The Return of The Email Newsletter


From print to cable news to social media, the news ecosystem never stops changing. The latest development has seen the revival of an old medium: email newsletters. Communicators, advertisers and readers are always on the lookout for new options, but the ongoing democratization of news makes it a challenge to decide what voices are credible or worth following.

The concept of newsletters is a familiar one. To DC residents and political junkies, our inboxes are filled with Playbook, Axios AM, Morning Brew and many others. They have had a welcome home in our news reading routines for years. But 2020 has seen an explosion of interest in the platform Substack, a three-year-old service aiming to democratize newsletters – offering the chance for anyone, whether they work for a media company or not, to launch their own media empire.

What makes Substack different from its predecessors is the breadth of its offerings and its focus on individuals over brands. You can find a newsletter for pretty much any topic – from the funny to the complex – with the commitment of a subscription and an often-smaller readership building a deeper connection between writer and reader than you find from big-name media newsletters or even on Twitter. Many Substack subscriptions come at a cost – one that many readers are willing to pay because of that connection. As Jacob Bogage of The Washington Post explains, “Consumers are willing to pay for quality content from creators they trust and who make them feel part of a community.”

Judging by the numbers – and the endless media profiles – it’s been successful. According to NPR, “Substack now has more than 250,000 paying subscribers. Taken together, its top 10 publishers rake in some $7 million annually.”

Substack has been a lifeboat for those thrown overboard by traditional outlets, but it’s also served as a respite for writers seeking independence. In the future, it’s likely the next Brian Stelter or Ezra Klein – young, enterprising bloggers recruited by major media outlets – will come from Substack.

Some of these writers have built tremendous followings on the platform, despite lacking the backing of a bigger organization. Clio Chang of the Columbia Journalism Review calls this “the paradox of Substack: it’s a way out of a newsroom – and the racism or harassment or vulture-venture capitalism one encountered there – but it’s all the way out, on one’s own.” That can be a scary proposition for those without the journalistic cachet that comes with working for a premier outlet.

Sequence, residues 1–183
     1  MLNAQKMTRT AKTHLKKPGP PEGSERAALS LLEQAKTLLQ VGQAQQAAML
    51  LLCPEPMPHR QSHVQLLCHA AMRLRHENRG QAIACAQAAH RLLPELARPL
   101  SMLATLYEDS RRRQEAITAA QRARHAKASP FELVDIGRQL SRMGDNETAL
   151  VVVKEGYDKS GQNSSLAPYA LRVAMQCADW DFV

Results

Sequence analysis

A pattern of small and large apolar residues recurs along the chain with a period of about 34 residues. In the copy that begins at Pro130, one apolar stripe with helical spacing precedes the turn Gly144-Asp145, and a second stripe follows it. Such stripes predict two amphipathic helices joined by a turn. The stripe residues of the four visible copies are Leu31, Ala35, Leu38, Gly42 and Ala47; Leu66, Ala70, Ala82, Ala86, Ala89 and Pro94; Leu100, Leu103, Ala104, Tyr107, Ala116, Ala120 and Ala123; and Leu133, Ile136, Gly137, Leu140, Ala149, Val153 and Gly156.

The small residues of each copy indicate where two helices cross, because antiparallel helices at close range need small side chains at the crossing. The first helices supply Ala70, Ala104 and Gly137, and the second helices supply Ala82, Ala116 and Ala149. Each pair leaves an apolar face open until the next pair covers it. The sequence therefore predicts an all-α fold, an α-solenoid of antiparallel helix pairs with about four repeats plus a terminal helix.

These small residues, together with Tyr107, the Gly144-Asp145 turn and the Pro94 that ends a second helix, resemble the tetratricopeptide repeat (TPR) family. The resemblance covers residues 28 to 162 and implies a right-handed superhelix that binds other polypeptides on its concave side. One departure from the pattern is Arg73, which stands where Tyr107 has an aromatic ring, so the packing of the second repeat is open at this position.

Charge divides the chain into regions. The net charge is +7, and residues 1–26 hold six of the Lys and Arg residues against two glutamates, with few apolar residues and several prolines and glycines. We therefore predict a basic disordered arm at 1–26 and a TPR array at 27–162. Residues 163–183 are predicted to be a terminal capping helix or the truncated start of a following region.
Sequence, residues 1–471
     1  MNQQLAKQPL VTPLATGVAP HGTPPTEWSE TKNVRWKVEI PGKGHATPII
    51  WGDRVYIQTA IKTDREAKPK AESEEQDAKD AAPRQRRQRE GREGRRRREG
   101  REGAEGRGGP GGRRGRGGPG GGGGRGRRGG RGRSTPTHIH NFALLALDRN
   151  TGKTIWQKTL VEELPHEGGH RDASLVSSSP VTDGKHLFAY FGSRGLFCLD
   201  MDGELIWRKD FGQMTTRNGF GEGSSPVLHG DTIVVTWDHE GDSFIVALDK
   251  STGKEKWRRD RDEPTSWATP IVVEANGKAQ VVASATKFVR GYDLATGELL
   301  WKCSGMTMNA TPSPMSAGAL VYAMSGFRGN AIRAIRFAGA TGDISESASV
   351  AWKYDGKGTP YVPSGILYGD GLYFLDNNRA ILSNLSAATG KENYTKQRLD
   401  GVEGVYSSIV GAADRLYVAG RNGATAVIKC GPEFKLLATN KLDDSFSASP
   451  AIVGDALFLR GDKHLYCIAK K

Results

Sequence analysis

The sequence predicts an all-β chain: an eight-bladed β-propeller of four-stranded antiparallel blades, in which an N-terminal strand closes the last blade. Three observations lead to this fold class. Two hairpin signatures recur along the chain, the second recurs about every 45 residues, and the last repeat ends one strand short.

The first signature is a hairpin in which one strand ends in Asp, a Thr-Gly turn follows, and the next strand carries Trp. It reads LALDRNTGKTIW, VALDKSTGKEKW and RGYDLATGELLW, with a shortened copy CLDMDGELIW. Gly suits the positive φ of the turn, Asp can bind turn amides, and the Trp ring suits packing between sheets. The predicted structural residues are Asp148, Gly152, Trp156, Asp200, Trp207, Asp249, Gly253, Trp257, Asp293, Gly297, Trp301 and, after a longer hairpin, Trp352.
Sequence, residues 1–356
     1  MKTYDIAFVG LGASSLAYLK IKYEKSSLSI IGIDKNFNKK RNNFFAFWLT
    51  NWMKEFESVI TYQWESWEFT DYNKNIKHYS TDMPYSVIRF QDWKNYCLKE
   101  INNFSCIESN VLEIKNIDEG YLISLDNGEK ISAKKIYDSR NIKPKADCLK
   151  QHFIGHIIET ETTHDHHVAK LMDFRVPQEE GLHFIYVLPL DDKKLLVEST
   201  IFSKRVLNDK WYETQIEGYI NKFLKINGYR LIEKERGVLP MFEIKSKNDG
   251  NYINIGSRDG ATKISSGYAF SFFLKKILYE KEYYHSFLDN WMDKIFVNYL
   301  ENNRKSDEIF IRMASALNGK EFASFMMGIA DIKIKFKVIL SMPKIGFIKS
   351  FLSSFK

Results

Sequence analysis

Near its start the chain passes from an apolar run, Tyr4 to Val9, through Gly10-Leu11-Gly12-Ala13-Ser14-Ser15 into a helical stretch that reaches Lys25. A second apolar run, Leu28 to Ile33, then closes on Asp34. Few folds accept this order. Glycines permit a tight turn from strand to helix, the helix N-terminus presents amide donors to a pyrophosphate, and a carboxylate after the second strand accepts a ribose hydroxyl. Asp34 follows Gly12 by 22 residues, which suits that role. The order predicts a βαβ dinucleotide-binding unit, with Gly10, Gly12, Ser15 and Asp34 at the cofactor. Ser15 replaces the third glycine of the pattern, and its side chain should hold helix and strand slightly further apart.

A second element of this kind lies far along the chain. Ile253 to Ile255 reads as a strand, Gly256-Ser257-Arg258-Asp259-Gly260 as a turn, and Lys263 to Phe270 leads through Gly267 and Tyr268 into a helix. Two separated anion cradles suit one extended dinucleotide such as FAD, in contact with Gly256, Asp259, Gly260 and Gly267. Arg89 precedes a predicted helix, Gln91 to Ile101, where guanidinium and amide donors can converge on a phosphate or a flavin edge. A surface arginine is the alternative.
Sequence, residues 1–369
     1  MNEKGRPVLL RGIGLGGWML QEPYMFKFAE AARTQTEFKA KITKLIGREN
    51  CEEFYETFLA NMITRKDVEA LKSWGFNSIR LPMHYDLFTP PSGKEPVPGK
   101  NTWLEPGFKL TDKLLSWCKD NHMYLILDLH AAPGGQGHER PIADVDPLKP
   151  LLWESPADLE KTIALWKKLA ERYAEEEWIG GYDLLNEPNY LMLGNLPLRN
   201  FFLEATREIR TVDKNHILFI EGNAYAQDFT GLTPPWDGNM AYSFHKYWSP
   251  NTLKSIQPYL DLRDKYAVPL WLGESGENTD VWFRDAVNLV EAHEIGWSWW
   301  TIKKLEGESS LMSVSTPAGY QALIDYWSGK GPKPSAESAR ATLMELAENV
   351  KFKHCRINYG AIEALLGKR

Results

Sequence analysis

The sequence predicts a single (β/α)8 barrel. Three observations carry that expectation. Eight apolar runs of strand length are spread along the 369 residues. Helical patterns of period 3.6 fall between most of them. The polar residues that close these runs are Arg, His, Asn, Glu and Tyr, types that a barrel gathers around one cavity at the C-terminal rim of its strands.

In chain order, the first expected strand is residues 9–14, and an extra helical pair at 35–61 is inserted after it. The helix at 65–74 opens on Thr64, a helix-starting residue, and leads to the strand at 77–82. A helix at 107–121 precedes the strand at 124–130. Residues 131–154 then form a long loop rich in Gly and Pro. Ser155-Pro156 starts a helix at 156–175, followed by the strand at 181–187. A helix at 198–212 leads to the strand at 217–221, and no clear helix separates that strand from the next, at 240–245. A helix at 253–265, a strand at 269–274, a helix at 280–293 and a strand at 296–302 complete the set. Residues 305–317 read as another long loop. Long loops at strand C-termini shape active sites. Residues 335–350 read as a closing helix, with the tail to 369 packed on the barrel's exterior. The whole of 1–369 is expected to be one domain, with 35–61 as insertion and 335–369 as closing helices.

Too often in public affairs and communications, credibility is correlated with the biggest media brands. And while there will always be those who won’t be satisfied until they see their legislative or regulatory concern splashed across the front page of The New York Times, niche newsletters – with their built-in, loyal audiences – offer tremendous opportunities for reaching very targeted, often committed groups of people.

Substack is adamant that it is not seeking to replicate The Times, The Atlantic or any other publisher. CEO Chris Best spells it out: “The whole point of Substack is that as a writer, you can use Substack to go independent, and we are spawning a million media companies.”

Left unanswered is whether having a million media companies is a good thing.

It is the fragmentation of our current media environment that has led to widespread belief in dangerous conspiracy theories. Afterall, 79% of Trump voters think the election was stolen, according to the recent Seven Letter Insight Voter Survey. That number may seem startlingly high, but it is understandable once you take a glance at the election coverage from Fox News or Newsmax. As Americans enclose themselves in filtered bubbles, we need more media that bridge the divide and reestablish a shared understanding of reality. When more than half the country does not trust the news media, democracy doesn’t work.

Perhaps someday Substack will bundle the best of its content – covering all different topics and viewpoints – into one package. They could call it a newspaper.